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Thread: Recessed Nuts

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    Senior Member zazenzach's Avatar
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    Recessed Nuts

    I recently bought a pair of brake calipers off fleabay. The rear brake has recessed nut/mounting as it should, but the front caliper came with the older standard nut (and no, the seller didn't mention this little detail).

    Can I just buy something off fleabay like this (New Bike Bicycle Brake Recessed Brake Nut 30mm BE13162 | eBay), or do I need to buy the entire screw and bolt pair (which I cannot find anywhere).

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    Yes, they come in varying lengths to suit your fork thickness.

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    Senior Member Retro Grouch's Avatar
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    $4.99 for that?

    The last time that I bought a brake caliper it came with four different length recessed nuts. Assuming that's common I'd think every LBS must have a drawer full of the things. If they like you that might even be a "gimmy".
    My greatest fear is all of my kids standing around my coffin and talking about "how sensible" dad was.

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    I'm not sure from your description but did your front brake come with the newer short mounting bolt but was missing the recessed nut or was the brake fitted with the old design long mounting bolt that uses an external nut?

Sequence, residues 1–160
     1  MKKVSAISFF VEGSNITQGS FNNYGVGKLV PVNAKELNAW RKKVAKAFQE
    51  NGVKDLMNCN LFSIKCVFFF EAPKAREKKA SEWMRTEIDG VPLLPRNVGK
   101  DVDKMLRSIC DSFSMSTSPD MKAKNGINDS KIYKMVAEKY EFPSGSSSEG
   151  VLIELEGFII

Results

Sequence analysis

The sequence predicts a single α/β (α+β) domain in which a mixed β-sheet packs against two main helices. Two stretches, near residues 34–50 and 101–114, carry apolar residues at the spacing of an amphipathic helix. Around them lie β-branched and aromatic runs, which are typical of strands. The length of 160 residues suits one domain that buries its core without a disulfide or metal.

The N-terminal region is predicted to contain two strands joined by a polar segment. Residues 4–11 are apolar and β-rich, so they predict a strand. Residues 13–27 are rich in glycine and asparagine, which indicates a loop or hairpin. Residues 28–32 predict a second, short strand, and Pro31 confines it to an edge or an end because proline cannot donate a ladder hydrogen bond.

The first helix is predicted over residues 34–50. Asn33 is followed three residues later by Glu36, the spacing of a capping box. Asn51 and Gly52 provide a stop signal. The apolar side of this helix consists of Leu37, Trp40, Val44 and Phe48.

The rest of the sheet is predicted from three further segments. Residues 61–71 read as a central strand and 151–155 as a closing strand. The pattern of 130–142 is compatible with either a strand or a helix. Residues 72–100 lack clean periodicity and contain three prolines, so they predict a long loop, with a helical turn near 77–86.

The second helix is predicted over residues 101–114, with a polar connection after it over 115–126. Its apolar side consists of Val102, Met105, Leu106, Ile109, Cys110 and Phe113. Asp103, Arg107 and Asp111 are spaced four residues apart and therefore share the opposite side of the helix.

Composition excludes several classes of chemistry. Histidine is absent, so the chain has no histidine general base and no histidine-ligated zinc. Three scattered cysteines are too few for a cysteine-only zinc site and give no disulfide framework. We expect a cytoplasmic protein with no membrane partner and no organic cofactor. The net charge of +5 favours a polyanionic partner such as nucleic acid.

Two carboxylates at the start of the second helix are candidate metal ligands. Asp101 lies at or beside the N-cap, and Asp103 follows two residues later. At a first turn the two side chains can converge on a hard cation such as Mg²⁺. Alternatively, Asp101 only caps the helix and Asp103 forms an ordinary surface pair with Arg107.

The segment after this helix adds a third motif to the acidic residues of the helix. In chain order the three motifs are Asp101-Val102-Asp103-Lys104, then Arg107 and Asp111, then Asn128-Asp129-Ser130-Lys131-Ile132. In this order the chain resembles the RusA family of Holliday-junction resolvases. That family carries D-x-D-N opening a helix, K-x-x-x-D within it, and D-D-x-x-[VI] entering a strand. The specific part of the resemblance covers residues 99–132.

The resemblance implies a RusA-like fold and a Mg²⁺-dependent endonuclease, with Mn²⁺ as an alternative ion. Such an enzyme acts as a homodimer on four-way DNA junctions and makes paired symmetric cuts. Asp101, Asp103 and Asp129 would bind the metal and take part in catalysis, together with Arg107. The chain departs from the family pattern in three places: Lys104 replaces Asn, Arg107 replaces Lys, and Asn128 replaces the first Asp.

If it has the current short bolt, recessed nuts available in a variety of lengths and, as noted, most LBS's have a bunch of extras.

    If it has the old, long mounting bolt, either return it to the seller or your fork crown must be narrow enough to let it stick completely through so the external nut will fit. If your fork will work, you can drill out a short recessed nut with a 15/64" drill bit and use it as a bushing in the rear hole.

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    The issue isn't the nut but the mounting bolt on the brake. If it is short enough to end short of the far side of the fork by 3mm or more, with the thread ending about 10mm or so in, then all you need is the right nut. The same applies if the thread ends deep enough that you can cut it to fit.

    But if the unthreaded section reaches to within 10mm from the far side you need a new brake or a new bolt.
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    Senior Member Grand Bois's Avatar
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    Are you trying to say that you have a nutted front brake and a fork that needs recessed mounting? I could be wrong, but that's how I read your first paragraph. If that is the case, all you need is a bushing to decrease the size of the hole in the rear of the fork.

    https://www.rivbike.com/product-p/brz2.htm
    Last edited by Grand Bois; 08-19-14 at 10:39 AM.

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    coprolite fietsbob's Avatar
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    I use a Nutted front brake on a fork with a flush nut recess.. I just put a Flatwasher under the Nut.

    the pulling the Brake-front against the fork, tightly, is steady enough ..

    benefit : you can fit a Mudguard mounting, L bracket, under the Nut, easily..
    Last edited by fietsbob; 08-19-14 at 11:36 AM.

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    Senior Member Grand Bois's Avatar
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    Quote Originally Posted by fietsbob View Post
    I use a Nutted front brake on a fork with a recess.. I just put a Flatwasher under the Nut.

    the pulling the Brake-front against the fork, tightly, is steady enough ..

    benefit : you can fit a Mudguard mounting, L bracket, under the Nut, easily..